|Lord of the Flies
||[Dec. 8th, 2017|05:23 pm]
International Bon Vivant and Raconteur
Lord of the Flies by William Golding
My rating: 4 of 5 stars
Somehow, Golding’s classic LORD OF THE FLIES was overlooked in my reading history. Either the novel wasn’t assigned to me in high school the way it was for everyone else, or it was and I didn’t bother reading it (I neglected about half my school assignments; I was a bad student). But now, several decades later, I finally picked it up, and I’m glad I did. I didn’t completely love it — I found the first half rather slow and at times uninvolving — but I thought it was very good. It’s a deeply symbolic work, with symbolism that isn’t often very subtle, but it works well as an adventure story, too. I thought there were a few standout scenes in the latter half, though none so amazing as the one scene in which the titular character makes its appearance. At that moment, like no other in the novel, LORD OF THE FLIES feels vibrantly alive to me, and the story tips compellingly into horror territory (which is probably why the scene stands out so much to me). Overall, I enjoyed the novel and am glad to have finally filled this gap in my literary education. Sucks to your ass-mar!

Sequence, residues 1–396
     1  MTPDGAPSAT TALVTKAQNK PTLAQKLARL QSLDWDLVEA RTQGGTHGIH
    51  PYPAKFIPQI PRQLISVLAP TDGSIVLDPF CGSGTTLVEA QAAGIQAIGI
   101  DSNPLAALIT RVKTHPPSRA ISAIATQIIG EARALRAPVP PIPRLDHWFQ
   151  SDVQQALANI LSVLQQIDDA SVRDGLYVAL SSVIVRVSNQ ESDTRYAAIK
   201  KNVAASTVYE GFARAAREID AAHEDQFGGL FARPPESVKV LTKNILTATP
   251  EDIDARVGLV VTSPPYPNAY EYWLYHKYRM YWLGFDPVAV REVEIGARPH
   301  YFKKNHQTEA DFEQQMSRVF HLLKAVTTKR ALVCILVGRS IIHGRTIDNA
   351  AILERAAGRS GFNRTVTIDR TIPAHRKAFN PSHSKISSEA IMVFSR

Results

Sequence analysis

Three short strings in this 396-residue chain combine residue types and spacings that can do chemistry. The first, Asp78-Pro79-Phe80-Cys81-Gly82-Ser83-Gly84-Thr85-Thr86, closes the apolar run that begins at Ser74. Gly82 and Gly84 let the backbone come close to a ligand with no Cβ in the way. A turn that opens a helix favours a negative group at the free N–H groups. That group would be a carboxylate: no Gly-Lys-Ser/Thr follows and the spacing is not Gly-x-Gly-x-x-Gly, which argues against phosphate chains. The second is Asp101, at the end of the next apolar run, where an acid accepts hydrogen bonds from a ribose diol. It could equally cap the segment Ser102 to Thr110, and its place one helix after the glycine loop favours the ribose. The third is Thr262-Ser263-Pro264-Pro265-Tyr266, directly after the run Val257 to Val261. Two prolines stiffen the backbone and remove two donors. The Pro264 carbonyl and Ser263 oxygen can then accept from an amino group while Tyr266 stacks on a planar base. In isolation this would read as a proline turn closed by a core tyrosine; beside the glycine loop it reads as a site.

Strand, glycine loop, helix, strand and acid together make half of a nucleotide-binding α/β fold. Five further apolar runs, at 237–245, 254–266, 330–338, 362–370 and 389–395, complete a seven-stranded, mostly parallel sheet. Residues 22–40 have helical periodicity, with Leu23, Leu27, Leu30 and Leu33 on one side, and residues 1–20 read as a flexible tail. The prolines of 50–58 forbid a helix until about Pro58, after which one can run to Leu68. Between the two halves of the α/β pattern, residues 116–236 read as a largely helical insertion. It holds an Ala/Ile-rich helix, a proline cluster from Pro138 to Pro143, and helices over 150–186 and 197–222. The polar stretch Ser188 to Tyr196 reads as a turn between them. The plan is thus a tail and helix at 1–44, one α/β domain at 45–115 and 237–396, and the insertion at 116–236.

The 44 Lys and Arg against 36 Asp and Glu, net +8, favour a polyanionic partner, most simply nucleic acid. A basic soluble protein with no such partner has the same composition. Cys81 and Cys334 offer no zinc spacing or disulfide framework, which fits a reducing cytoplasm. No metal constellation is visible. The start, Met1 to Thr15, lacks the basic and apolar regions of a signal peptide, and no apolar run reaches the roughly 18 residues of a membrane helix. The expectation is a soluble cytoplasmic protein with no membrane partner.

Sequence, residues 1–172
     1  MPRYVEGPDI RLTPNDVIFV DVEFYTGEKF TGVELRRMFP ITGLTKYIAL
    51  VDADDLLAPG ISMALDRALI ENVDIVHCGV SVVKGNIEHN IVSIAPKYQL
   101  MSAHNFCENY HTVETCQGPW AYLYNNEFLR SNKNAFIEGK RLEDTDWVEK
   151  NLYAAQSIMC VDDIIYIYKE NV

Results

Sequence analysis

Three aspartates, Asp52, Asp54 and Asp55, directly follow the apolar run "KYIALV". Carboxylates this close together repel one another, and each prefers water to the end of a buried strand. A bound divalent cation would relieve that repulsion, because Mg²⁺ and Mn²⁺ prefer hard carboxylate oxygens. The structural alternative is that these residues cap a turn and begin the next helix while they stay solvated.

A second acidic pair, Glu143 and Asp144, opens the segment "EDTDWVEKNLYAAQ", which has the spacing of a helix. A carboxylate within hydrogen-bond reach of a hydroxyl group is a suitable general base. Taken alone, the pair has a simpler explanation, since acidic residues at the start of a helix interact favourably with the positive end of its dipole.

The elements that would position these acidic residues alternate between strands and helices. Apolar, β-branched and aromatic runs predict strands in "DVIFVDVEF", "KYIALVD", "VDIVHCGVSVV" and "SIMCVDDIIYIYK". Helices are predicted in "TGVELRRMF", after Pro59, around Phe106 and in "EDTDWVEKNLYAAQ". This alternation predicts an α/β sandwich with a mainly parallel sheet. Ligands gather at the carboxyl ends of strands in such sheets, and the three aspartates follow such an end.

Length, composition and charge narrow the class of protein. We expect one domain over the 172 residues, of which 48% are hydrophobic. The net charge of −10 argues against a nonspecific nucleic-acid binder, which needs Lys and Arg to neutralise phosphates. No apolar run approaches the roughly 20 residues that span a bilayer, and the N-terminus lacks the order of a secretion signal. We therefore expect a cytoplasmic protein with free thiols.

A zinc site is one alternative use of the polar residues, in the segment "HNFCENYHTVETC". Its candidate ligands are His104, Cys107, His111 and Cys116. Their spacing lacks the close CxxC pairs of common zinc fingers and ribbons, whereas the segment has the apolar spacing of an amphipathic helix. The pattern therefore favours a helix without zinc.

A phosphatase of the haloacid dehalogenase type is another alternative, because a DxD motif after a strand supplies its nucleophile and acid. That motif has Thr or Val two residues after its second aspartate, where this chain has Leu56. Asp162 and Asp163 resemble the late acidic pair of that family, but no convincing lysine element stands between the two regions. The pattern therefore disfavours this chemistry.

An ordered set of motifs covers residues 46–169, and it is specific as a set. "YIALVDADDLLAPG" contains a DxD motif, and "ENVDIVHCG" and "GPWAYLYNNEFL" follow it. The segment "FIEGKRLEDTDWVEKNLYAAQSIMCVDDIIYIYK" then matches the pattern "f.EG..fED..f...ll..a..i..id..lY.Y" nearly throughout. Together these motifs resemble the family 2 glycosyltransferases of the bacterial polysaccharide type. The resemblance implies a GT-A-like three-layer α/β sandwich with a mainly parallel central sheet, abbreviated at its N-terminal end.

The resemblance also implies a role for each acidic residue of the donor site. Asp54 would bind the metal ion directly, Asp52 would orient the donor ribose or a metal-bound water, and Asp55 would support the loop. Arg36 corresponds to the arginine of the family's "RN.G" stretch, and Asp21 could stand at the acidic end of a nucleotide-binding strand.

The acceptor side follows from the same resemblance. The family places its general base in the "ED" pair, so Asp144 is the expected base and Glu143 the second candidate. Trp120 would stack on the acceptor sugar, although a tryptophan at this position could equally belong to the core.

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Originally published at Nicholas Kaufmann. You can comment here or there.